Tuesday, December 4, 2018
Another River, Another Boat: Kuma River (Kumagawa)
After leaving Nagasaki I drove through a series of islands to get back to Kumamoto Prefecture. I wanted to head up the Kuma River (Kumagawa) and see if I could find any cormorant fishing boats. I knew of a downriver boat company that still used wooden boats.
Like all the rivers I've traveled in Japan this trip the Kumagawa was gorgeous: crystal clear water and stunning scenery.
No wonder the Japanese maple is so celebrated. Here its December and they still hold the height of their colors.
Outside of the town of Hitoyoshi I found this boat at the side of the road. From what I have learned this trip a classic river boat design: long and narrow with a wide, plank bow, a simple three-plank cross section, and just a few beams for framing. I love them all.
Here is the tourist boat fleet. In talking with the boatmen I learned there was no cormorant fishing in this area and also they no longer have a boatbuilder who can supply them new boats. I found one in fiberglass. I made it clear to them I'd be more than happy to discuss building them new boats.
Nearby were several fishing boats, the same type I'd seen at the side of the road. The boatmen said these were fishing boats and the fishermen used nets to catch ayu.
Interestingly there was a very professionally built fiberglass version laying alongside two wooden boats.
I was trying to figure out how I'd measure a swamped boat (I've already baled a couple of boats to measure them) when I found these two up on the waterfront road.
This boat had a couple of slight differences from the derelict boat I'd seen at the side of the road: The bow plank is slightly curved and also has a very slight hourglass shape, something I only realized when I measured it. Also this type has much more sheer than the other river boats I've seen this trip.
In this photo you can see the curve of the bow (in profile) and also make out that hourglass. The bottom of this boat is covered in fiberglass. But the most interesting thing is the hollow in the bottom. If you sight down the chine you can see how in the middle of the boat the bottom rises up slightly. I might have taken this for deterioration, but luckily a fisherman I talked to in Shimane (see my earlier blog post on the cormorant boats of the Takatsu River) told me about this feature. Later someone told me the reason was the hollow traps air and provides buoyancy, an explanation that I don't think holds much water. However yesterday a cormorant fisherman in Hita, Oita Prefecture (subject of my next blog post) told me this makes the boat easier to turn. He said working alone one stands all the way in the stern of the boat, lifting the forward half out of the water. In a sense the bulge in the bottom aft is the only part of the bottom immersed, and it acts like the rocker of a smaller boat, providing turning ability.
Here I am measuring a cross-section. I've been assuming builders' stations were located at beam locations, and indeed at these spots most of the dimensions are easy-to-remember numbers. This is typical of Japanese boatbuilders, who have to memorize dozens of dimensions. Also this trip it continues to be confirmed that river boat builders never used drawings.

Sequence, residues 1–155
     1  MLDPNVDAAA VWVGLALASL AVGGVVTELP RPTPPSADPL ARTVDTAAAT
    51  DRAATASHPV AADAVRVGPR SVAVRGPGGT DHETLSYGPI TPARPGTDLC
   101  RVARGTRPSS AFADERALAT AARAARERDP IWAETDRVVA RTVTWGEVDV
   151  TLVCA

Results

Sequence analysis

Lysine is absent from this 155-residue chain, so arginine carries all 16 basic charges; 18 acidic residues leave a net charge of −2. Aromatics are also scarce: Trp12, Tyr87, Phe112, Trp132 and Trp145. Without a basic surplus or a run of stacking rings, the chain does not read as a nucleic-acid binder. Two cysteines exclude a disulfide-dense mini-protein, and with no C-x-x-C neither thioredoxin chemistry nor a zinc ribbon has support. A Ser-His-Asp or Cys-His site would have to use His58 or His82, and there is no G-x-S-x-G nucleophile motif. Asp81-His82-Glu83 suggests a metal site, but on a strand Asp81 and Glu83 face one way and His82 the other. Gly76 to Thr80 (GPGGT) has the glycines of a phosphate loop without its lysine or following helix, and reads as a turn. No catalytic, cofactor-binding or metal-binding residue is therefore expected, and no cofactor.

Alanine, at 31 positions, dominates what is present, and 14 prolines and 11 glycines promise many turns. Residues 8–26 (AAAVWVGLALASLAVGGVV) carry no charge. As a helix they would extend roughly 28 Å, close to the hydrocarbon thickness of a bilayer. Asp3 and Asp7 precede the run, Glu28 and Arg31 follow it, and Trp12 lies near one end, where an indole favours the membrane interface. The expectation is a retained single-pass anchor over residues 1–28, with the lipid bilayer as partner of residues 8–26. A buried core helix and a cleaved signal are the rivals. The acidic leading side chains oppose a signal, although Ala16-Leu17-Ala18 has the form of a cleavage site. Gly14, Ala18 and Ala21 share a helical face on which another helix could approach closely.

Historic photo from fifty years ago showing the fleet of boats of the tour company. They are down to just six now. Sad, because a river ride would be a gorgeous trip. They couldn't take me because they said they needed at least four passengers to ballast the boats safely.
An even older photo. Boats have been taking tourists downriver for one hundred years, though obviously the river was a vital avenue for moving cargo for much longer. Note the sails in the background.
Back to the coast and heading north toward my next cormorant fishing river, I stopped to see the fleet of utasebune, sailing trawl fishing boats. These are very dramatic boats and there is still a small fleet fishing. This one was grounded waiting for the tide to turn. Note the two long spars laying on deck. You'll see in the following photos how they were used.
Found an amazing derelict.
I noticed all the gear was still on board. No one bothered to strip the hull of useful material.
The sails were still hanked on!
Another derelict showed details of construction. The hulls are built of thick planks (about 2") bolted to heavy sawn frames, but still edge-nailed in the Japanese fashion between frames.
Two utasebune are used as tour boats. Spectators ride one and watch this one fishing. This boat is forty years old and the hull is fiberglass.
And here is what they look like, with the sails close-hauled moving sideways pulling the trawl net. This type of fishing was quite common in the Inland Sea region, also in Urayasu on Tokyo Bay, and here in Kumamoto. There is also a similar type called a hobikisen, (literally sail-pulling-boat) on Lake Kasumigaura near Narita Airport. I am in conversation with a group on the Inland Sea that wants to build a new one. Wish me luck!